Even more excitingly charters are coming to be seen as the way out of the financial morass irresponsible districts inevitably get themselves, and the state, into. Exciting because it’s only a matter of time before the state legislators put two and two together to notice that a bunch of charters produces better educational results then a district and at lower cost.

      • Only when the kids and families “choose” to buy in, and self-select into those environments. When it’s simply imposed, it ignores the self-motivation of the students that created success in the first place.

  6. Your state’s supreme court is sending the emergency manager law to general popular ratification. Think it’ll pass? That would be an interesting litmus test for how the people want public services to be managed.

    • The old, not-quite-as-tough emergency financial manager law goes back into effect if the newer law loses.

      The fate of the initiative is a replay of the 2010 mid-terms and what happens depends on how strongly the feelings that drove those mid-terms are still in effect.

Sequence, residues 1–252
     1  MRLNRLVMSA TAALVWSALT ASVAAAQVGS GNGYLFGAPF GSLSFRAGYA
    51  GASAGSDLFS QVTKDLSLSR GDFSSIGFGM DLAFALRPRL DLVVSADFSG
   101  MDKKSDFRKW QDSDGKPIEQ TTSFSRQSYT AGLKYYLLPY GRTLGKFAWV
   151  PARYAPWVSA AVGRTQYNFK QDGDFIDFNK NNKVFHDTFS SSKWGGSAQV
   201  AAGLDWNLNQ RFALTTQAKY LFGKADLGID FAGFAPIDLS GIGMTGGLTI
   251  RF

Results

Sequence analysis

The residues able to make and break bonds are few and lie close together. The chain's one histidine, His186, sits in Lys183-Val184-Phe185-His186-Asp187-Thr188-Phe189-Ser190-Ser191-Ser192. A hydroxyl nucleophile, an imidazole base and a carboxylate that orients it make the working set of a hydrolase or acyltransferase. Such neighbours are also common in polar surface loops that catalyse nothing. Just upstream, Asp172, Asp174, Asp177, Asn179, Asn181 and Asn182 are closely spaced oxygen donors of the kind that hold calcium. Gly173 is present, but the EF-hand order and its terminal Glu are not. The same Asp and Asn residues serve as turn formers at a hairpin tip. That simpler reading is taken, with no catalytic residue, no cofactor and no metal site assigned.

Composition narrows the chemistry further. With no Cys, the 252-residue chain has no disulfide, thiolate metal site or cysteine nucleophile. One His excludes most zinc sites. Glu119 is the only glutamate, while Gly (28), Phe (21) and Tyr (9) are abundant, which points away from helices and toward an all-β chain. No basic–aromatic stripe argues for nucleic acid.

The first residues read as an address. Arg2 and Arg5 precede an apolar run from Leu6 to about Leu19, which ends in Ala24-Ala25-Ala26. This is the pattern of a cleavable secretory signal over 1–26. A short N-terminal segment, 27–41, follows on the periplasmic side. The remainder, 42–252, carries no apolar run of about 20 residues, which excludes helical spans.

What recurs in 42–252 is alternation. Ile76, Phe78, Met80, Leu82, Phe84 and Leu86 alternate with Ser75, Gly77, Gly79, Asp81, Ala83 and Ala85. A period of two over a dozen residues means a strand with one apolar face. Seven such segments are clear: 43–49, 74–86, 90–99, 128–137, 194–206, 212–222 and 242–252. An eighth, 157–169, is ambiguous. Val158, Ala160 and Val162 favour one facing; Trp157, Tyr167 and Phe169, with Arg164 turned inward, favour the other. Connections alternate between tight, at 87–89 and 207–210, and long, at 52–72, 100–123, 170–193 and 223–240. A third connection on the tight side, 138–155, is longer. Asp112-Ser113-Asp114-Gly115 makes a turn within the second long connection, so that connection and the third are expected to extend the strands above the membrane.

There was a widespread belief that municipal unions were driving states towards bankruptcy and if there’s one group that took a serious beating that day it was the municipal unions. If those sentiments are still strong then the emergency manager law will stay on the books since it’s aimed squarely at the financial disasters the municipal unions caused as a result of their lush contracts.

      Wisconsin’s recall election suggests that the public’s still not ready to forgive the municipal unions but each state is different and you can expect the fact that this initiative will be part of the November general election to have an impact on its fate.

      Obama got a grudging pass from the unions for avoiding the Wisconsin recall but he won’t get one this time so when he comes to Michigan, as he must, he’ll have to talk up the repeal of the emergency manager law. He’s all in on the left edge of the political spectrum and that’s the home turf of the municipal unions. In the upcomig election, Obama will need them and they need him.

      • The emergency financial manager in Detroit describing his plans for 61 students per classroom just might come up.

        • Why? It’s not like anyone can claim the performance of the DPS will be impacted by larger class sizes. Once performance descends to “execrable” there’s nowhere to go but up.

  7. Whatever works. That’s the standard.